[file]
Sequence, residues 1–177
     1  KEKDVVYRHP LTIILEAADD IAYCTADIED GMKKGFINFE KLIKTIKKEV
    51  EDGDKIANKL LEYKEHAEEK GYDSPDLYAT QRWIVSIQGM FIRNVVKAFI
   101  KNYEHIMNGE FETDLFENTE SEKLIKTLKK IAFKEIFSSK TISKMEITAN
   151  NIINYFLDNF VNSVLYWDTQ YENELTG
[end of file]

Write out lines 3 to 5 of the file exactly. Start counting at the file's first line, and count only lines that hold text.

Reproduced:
    51  EDGDKIANKL LEYKEHAEEK GYDSPDLYAT QRWIVSIQGM FIRNVVKAFI
   101  KNYEHIMNGE FETDLFENTE SEKLIKTLKK IAFKEIFSSK TISKMEITAN
   151  NIINYFLDNF VNSVLYWDTQ YENELTG